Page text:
Google July 9 made its 45Â° aerial imagery view, introduced to Google users in February in Google Maps Labs, available in select cities in the United States and worldwide to all users of Google Maps.
As the name implies, 45Â° imagery shows a location from a 45Â° angle rather than from the top.
Users can use this view to see the sides of buildings and other locations, or rotate around a point of interest using the compass in Google Maps to see different angles. This is useful to gauge buildings and other locations before users visit them.
Google Imagery Teams’ Randy Wilson explained:
“To see the new imagery, simply zoom into an area while in Satellite mode. Where we have 45Â° imagery available, the imagery will switch from an overhead to 45Â° angle as you zoom all the way in. You can then pan smoothly across the map to get a richer view of the area.“
Wilson offers these views as his favorites:
SeaWorld in San Diego, Calif.:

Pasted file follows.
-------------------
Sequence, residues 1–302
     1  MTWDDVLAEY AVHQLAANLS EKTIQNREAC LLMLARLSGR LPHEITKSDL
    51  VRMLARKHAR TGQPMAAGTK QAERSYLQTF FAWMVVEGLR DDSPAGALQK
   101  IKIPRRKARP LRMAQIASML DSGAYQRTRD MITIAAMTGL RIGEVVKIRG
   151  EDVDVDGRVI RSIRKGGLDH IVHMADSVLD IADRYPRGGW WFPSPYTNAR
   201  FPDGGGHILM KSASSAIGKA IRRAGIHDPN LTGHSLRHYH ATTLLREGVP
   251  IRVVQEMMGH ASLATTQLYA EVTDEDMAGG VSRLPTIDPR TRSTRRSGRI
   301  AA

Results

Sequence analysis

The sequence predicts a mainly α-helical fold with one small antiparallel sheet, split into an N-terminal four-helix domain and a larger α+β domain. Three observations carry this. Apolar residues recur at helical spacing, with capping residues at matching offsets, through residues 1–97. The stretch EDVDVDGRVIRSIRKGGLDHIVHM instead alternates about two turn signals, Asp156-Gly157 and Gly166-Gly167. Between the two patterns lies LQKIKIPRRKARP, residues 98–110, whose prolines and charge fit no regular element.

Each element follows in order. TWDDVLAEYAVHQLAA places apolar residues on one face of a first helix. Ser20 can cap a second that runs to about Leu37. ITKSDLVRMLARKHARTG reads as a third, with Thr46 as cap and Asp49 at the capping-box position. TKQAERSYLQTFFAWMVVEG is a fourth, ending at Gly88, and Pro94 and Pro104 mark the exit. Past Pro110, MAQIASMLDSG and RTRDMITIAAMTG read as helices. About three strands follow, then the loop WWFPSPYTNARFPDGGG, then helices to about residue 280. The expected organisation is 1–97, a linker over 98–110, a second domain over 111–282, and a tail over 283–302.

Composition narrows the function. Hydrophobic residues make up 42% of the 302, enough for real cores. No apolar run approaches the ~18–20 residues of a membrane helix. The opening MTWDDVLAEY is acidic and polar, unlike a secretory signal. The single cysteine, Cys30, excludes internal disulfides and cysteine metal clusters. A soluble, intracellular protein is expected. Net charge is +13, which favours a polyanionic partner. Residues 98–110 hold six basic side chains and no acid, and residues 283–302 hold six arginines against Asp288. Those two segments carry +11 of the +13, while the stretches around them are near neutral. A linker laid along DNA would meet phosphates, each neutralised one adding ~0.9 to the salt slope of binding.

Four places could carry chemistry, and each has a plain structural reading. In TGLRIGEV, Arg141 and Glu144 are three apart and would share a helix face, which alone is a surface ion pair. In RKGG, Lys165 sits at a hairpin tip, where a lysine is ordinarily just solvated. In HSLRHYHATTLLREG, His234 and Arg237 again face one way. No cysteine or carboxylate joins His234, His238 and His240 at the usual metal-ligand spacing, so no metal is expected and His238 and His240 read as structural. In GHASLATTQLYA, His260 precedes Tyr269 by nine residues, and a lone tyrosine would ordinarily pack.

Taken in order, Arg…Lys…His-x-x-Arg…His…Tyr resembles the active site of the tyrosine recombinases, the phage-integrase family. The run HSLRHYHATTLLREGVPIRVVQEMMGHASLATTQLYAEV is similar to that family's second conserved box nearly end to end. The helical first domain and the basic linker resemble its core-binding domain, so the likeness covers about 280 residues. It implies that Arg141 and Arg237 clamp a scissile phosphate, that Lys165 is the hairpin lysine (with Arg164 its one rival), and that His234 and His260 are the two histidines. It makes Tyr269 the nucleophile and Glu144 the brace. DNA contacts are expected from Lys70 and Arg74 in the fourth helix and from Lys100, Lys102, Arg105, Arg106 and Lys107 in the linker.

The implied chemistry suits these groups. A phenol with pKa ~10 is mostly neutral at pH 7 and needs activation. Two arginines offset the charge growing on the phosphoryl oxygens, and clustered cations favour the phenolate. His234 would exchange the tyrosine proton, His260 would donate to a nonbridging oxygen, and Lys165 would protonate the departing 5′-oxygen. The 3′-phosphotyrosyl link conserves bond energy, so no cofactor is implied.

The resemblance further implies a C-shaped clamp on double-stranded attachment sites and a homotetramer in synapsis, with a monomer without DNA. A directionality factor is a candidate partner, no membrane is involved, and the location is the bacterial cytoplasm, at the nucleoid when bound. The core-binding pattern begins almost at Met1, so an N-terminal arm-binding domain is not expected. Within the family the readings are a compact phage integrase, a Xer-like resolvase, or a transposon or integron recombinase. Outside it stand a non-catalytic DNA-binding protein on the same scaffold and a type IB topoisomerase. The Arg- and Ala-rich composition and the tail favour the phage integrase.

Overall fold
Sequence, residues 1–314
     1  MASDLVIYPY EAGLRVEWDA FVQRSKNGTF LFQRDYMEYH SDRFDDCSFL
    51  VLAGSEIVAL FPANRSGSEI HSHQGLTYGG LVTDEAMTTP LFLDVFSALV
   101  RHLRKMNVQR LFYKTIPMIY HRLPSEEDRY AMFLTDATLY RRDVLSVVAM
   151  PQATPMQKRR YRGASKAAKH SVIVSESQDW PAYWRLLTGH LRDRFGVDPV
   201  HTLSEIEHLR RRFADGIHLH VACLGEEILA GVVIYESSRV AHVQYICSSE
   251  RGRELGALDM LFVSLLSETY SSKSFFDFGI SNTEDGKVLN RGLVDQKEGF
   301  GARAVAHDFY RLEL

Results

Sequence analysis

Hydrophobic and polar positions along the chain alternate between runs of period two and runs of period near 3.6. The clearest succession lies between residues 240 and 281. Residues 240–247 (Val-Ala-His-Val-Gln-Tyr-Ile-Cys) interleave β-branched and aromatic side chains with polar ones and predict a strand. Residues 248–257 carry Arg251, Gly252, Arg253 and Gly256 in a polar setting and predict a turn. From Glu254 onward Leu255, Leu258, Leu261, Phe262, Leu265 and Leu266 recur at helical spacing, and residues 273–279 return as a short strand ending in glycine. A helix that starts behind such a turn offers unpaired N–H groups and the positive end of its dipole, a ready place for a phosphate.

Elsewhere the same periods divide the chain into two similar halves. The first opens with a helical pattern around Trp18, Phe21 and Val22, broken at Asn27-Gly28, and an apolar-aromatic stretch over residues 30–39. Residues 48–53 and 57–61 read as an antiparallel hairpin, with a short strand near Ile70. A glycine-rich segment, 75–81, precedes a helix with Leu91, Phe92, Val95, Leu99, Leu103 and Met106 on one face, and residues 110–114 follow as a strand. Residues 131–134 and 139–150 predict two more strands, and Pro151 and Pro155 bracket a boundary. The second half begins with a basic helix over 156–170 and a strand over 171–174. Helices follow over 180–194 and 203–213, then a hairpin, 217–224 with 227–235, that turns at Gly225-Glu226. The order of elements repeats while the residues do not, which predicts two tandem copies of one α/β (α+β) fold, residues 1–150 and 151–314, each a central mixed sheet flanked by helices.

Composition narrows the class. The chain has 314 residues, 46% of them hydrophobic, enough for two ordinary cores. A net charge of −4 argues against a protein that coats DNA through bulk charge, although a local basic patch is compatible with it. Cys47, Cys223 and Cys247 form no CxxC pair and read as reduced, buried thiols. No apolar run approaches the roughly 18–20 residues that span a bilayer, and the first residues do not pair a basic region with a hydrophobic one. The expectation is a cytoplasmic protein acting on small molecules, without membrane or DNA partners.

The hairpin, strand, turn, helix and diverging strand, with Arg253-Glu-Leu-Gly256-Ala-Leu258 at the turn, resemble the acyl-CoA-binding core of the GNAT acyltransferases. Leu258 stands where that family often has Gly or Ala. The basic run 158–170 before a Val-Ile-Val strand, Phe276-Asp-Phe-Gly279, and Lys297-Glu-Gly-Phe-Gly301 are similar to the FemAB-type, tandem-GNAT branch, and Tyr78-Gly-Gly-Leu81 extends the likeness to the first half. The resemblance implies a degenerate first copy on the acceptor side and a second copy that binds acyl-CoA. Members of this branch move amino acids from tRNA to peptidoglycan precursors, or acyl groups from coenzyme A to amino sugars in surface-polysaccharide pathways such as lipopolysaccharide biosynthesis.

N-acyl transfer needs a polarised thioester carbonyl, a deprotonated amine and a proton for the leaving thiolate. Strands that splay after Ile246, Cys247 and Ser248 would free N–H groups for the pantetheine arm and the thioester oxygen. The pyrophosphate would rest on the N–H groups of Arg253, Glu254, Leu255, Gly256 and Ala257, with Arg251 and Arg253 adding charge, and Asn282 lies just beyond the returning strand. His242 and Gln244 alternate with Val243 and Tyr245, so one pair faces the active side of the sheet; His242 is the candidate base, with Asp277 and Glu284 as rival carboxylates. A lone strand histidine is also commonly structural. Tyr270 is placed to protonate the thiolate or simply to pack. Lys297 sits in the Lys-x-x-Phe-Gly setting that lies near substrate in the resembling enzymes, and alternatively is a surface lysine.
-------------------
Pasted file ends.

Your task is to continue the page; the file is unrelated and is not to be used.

Rialto Bridge in Venice, Italy:
Finally, a satellite view of where Google’s new aerial views may be accessed:
Google won’t use the phrase “bird’s eye,” but this is what Microsoft had been offering through Microsoft Live Search and then Bing Maps as the Bird’s Eye View.
What’s interesting to me here is Google is increasingly borrowing ideas from Bing. As near as I can tell, this started last fall.
When Bing announced a partnership Twitter, Google offered a me, too perspective. Bing last fall began indexing tweets in real-time and Google began doing so in December.
More recently, look at the new background photo images on the Google.com homepage.
In May, Google cluttered up its left-hand rail with search refinements, which reminded users a lot of Bing.
Bing offered nice backgrounds out of the gate in June 2009 but Google stuck to its simple homepage guns until June 2010 when it launched its customizable homepage option. Observers again noted how Google was aping Bing.
Most recently, Google bid to buy ITA Software which makes the flight route and price comparison software Microsoft uses for Bing Travel.
Clearly, Google and Bing have similar ideas of where search is headed. Is this merely a coincidence, or an example of copy catting?